2 Institute for Advanced Studies, University of Malaya, Kuala Lumpur 50603, Malaysia;
3 Third Institute of Oceanography, Ministry of Natural Resources, Xiamen 361005, China;
4 Fujian Provincial Station for Field Observation and Research of Island and Coastal Zone in Zhangzhou, Xiamen 361005, China;
5 Fujian Provincial Key Laboratory of Marine Ecological Conservation and Restoration, Xiamen 361005, China
Terapon jarbua (Forskål, 1775) is commonly known as tiger perch, or "ikan mengkerong" in the local name (Department of Fisheries Malaysia, 2009; Du et al., 2019; Shyama et al., 2020). They are also called grunters in reference to the sound emitted by their unique swim bladder that is equipped with extrinsic muscles (Vari, 1978). T. jarbua is a catadromous species (Riede, 2004), in which they are born in saltwater, and subsequently migrate to freshwaters as juveniles before migrating back into the ocean as adults for spawning (Rao et al., 2000). The total length of an adult is generally between 20 and 27 cm (Vari, 1978), but sometimes can reach up to 36 cm (Froese and Pauly, 2018).
The estimation on length-weight relationships (LWR) parameters for T. jarbua has been reported from populations in New Caledonia (Vari, 1978), Thailand (Yamagawa, 1994), Indonesia (Pauly et al., 1996), South Africa (Harrison, 2001), China (Zhang et al., 2002), India (Manoharan et al., 2013; Nandikeswari et al., 2014), and the Philippines (Gumanao et al., 2016). Length weight regressions have been used frequently to estimate weight from length because direct weight measurement can be time consuming in the field (Kalaycı et al., 2007). Establishment of a relationship between weight and length is essential for the calculation of production and biomass of a fish population (Khan et al., 1987). We can also evaluate the conditions (i.e., environment, food availability), reproduction and spawning activities, ontogenetic changes, life cycle, and the general health of a fish by using the LWR (Bayhan et al., 2008). Such information is useful to improve, optimize and produce economically feasible and higher biomass yield on a commercial scale basis.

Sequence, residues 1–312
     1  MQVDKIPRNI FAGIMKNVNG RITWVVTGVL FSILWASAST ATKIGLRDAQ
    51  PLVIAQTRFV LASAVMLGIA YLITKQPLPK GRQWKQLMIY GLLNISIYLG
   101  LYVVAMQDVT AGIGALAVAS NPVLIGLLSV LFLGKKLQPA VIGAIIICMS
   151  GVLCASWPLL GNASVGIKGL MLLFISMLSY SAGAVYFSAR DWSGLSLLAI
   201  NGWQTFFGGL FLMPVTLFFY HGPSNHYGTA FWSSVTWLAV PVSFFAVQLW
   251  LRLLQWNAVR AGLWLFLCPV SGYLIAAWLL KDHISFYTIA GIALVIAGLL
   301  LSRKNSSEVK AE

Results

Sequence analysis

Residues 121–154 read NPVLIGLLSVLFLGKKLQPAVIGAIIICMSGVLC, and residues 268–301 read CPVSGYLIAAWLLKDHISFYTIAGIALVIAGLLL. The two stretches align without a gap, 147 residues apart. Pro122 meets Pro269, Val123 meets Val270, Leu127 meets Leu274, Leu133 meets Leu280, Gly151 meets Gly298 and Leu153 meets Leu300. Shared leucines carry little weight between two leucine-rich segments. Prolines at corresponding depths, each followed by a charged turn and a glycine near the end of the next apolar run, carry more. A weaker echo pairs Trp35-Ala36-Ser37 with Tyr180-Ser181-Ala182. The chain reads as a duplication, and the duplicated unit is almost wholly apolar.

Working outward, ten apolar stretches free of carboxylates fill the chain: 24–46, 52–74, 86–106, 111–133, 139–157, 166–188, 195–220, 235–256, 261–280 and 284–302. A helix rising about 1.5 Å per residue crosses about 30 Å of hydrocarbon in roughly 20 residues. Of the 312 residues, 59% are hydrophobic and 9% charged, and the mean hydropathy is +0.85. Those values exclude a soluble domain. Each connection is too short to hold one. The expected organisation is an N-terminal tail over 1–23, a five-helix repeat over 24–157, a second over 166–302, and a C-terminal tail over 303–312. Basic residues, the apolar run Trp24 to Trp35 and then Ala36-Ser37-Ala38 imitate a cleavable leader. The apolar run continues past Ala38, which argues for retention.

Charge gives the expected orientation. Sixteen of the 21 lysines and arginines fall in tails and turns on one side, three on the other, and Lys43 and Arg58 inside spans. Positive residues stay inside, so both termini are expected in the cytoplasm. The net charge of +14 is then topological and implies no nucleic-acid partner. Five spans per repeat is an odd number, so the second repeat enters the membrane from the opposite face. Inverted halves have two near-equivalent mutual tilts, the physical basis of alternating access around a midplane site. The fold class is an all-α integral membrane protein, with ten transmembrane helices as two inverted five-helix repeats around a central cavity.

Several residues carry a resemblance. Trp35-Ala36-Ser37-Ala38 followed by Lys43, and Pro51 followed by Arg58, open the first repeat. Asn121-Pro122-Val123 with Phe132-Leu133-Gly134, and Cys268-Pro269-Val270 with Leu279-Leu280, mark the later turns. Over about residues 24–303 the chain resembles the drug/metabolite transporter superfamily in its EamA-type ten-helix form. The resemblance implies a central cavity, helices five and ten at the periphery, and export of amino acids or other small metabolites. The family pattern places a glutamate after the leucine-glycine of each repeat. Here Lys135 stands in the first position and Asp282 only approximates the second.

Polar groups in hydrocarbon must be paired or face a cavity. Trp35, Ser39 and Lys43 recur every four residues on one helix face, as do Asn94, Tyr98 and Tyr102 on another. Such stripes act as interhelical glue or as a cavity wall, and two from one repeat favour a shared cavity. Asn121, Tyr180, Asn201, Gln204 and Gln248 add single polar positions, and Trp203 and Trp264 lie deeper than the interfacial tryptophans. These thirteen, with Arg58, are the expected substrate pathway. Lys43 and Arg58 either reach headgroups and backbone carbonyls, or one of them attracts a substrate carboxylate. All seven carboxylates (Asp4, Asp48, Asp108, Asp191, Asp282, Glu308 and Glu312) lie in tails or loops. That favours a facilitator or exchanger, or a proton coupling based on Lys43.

Allometry is the study of consequences of size and shape. In allometry, the relationship between two parts of an organism's body over a wide size range is calculated (Reiss, 1991). According to Jones et al. (1999), b values less than 3 (b < 3), indicates negative allometric growth. This shows that weight will decrease with the increase of fish length, causing the specimen to become less rotund. Positive allometric growth occurs when b value is greater than 3 (b>3). It implies a significant positive relationship between fish weight and fish length thus causing the weight to increase with its length, and the fish becomes more rotund (Jones et al., 1999). When the b value is equal or close to 3, growth of aquatic species is isometric and growth occurs equally in all dimensions (Wootton, 1990).
Otoliths are calcium carbonate structures located in the inner ears of bony fishes. They are responsible for providing stability and sound detection in bony fishes (Campana and Thorrold, 2001). Otoliths have distinct shapes, which vary widely among fish families and can be highly species-specific (Harvey, 2000; Tuset et al., 2008). Sagittae is the largest among the three pairs of otoliths (asteriscus, lapillus, sagittae) present in bony fishes, hence it has been chosen in this study (Harvey, 2000). In stomach content analyses, the identification and quantification of fish prey is difficult when specimens are partially or totally digested.